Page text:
The city of Santa Maria is set to begin a native-plant restoration project on about 150 acres of city-owned land in the Santa Maria Riverbed, a spokesman announced Wednesday.
The work is slated to begin this week, east of the Highway 101 bridge.
The project will reduce overgrown shrubbery and invasive plant species, according to city spokesman Mark van de Kamp, who added that the work also will help native plants and animals thrive in the upcoming spring season, allow for easier walking access, and help mitigate any potential fire risk.
“The Recreation and Parks Department will increase the enjoyment of the outdoors to youth, teens, and adults, so all can experience and learn about the flora, fauna, and geology of the area surrounding the Santa Maria River Trail through its new Ranch to River Nature Program,” read a portion of a statement released by the city.
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“The program will include free bus transportation for school field trips, weekend docent-led nature hikes, and nature activities to help inspire visitors to learn about the local wildlife environments and teach responsible stewardship of natural resources,” it continued. “These activities are made possible through a grant funded by California State Parks.”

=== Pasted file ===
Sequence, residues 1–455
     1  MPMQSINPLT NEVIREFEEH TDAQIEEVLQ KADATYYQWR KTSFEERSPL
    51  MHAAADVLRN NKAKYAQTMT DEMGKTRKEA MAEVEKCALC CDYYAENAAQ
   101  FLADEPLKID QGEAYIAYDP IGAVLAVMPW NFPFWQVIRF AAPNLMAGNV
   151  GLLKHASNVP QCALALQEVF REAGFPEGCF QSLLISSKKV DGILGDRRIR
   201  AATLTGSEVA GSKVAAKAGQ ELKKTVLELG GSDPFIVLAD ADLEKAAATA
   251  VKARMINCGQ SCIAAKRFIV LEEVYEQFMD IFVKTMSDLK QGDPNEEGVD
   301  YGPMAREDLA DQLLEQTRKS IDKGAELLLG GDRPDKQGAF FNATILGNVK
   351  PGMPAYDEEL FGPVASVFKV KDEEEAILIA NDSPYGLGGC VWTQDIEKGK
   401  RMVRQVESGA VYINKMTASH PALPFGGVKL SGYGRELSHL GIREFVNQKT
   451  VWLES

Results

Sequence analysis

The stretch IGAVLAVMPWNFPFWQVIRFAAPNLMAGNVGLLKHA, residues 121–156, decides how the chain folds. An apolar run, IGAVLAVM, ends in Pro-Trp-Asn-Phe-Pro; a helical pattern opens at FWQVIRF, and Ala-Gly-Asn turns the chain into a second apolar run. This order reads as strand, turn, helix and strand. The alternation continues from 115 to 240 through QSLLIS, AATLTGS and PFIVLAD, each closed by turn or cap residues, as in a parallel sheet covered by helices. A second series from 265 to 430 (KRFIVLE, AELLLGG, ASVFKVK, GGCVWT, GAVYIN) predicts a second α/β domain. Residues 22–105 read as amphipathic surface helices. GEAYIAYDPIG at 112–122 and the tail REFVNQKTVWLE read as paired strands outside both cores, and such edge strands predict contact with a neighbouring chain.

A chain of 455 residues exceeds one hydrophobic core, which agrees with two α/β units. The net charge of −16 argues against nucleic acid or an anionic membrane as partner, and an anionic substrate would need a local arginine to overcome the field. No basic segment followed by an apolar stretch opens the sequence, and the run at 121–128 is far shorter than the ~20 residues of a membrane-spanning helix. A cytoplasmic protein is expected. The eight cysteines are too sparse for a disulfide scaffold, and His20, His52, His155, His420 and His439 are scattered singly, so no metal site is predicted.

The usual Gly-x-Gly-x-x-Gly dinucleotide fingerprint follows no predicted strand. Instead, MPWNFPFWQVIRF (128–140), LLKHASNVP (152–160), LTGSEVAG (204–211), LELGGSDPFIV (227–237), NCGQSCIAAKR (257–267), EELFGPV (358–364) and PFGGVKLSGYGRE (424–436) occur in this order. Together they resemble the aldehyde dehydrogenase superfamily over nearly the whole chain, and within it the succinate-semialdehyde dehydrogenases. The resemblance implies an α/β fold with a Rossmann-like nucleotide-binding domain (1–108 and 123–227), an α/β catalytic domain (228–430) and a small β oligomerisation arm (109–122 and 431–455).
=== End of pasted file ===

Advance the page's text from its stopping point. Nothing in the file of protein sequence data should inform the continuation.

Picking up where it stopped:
In preparation for the restoration work, the city posted signs notifying anyone residing in the riverbed to vacate the property.
The affected parcels were purchased by the city in 2009 with grant funds from the Land Water Conservation Fund. The purchases were made as an additional effort to preserve plant and wildlife, filter storm water runoff, and replenish the Santa Maria River Valley Groundwater Basin, according to the city.
During 2010 and 2011, 35 interpretive nature markers were placed in the riverbed to inform visitors about the native flora and fauna.
For more information, call the Santa Maria Recreation and Parks administrative office at 805-925-0951, ext. 2260.